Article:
Tuesday, August 8, 2006

CARB CNG and Diesel Transit Bus Emissions Research

Description: 

The Air Resources Board (ARB) has led a multi-agency research effort to collect emissions data from late-model heavy-duty transit buses in five different configurations. The objectives of the study were 1) to assess driving cycle effects, 2) to evaluate toxicity between new and "clean" heavy duty engine technologies in use in California, and 3) to investigate total PM and ultrafine particle emissions.

Chassis dynamometer testing was conducted at ARB's Heavy-duty Emissions Testing Laboratory (HDETL) in Los Angeles. The impetus behind this work was to compare the emissions from transit buses powered by similar engines and fueled by ARCO (a BP company) Low Sulfur Emission Control Diesel (ECD-1) and compressed natural gas (CNG). Follow-on work focused on the assessment of aftertreatment control for CNG applications. Five vehicle configurations were investigated: 1) a CNG bus equipped with a 2000 DDC Series 50G engine certified for operation without an oxidation catalyst, 2) the same CNG bus retrofitted with an OEM oxidation catalyst, 3) a diesel bus equipped with a 1998 DDC Series 50 engine and a catalyzed muffler, 4) the same diesel vehicle retrofitted with a Johnson Matthey Continuously Regenerating Technology (CRT) diesel particulate filter (DPF) in place of the muffler, and 5) a CNG bus equipped with a 2001 Cummins Westport C Gas Plus engine and OEM-equipped oxidation catalyst.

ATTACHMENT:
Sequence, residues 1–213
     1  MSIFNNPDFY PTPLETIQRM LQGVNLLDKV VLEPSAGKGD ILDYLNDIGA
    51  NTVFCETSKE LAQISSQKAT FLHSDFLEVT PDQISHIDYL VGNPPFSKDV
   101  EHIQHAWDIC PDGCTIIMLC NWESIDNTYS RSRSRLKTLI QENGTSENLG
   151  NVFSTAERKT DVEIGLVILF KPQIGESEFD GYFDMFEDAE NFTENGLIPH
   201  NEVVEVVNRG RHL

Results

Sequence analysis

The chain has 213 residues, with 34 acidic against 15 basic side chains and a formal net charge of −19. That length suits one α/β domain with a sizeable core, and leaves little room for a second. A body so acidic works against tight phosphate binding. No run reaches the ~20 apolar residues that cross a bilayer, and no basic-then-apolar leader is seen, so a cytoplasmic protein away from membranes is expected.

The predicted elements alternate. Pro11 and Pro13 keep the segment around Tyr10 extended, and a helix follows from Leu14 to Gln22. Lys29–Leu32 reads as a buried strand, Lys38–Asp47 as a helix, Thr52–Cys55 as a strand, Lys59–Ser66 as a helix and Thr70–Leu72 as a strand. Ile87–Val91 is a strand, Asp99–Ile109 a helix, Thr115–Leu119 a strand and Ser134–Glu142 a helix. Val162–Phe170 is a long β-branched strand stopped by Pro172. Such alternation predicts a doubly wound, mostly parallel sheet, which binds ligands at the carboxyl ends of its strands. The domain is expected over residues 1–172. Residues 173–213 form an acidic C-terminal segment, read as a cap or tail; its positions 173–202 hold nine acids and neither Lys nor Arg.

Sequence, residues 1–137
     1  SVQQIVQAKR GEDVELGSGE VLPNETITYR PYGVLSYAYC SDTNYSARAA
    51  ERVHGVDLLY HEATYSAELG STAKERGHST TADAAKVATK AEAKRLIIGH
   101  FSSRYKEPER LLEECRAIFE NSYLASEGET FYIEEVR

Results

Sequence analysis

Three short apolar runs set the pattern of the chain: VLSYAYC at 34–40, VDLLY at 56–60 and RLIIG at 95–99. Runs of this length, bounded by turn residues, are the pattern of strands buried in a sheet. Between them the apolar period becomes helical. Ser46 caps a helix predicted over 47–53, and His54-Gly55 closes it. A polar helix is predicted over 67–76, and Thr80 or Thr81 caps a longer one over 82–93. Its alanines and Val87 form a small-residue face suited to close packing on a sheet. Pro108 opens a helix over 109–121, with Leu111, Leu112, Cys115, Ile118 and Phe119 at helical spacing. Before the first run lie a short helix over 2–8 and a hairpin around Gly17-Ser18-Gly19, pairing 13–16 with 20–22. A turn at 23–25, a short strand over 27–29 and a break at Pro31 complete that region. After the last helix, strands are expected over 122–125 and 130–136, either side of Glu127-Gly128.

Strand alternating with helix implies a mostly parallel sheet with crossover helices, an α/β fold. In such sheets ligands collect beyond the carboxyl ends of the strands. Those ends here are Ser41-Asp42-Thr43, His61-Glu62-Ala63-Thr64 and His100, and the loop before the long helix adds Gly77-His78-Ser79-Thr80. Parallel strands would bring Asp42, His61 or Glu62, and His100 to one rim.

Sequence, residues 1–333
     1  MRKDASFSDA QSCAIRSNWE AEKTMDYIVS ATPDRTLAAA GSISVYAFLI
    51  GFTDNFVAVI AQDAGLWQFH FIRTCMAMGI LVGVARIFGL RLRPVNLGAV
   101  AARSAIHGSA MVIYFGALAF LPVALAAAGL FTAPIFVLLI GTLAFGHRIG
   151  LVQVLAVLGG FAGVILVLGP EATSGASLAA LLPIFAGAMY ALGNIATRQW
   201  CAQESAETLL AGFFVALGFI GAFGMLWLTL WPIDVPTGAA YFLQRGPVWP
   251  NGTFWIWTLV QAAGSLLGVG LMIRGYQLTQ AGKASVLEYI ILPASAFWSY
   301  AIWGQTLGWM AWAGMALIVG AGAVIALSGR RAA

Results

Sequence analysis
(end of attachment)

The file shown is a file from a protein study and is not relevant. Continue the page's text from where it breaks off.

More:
The duty cycles were: 1) idle operation, 2) a 55 mph steady-state (SS) cruise condition, 3) the Central Business District (CBD) cycle, 4) the Urban Dynamometer Driving Schedule (UDDS), and 5) the New York City Bus Cycle (NYBC). Collection of PM over multiple cycles was performed to ensure sufficient sample mass for subsequent chemical analyses. Information on regulated (NOx, HC's, PM, and CO) and non-regulated (CO2, NO2, gas-phase toxic HC's, carbonyl compounds, polycyclic aromatic hydrocarbons, elements, and elemental and organic carbon) emissions was collected. Size-resolved PM mass and number emission measurements were conducted and extracts from diesel and CNG total PM samples were tested in the Ames mutagenicity bioassay analysis to determine mutagen emission factors.


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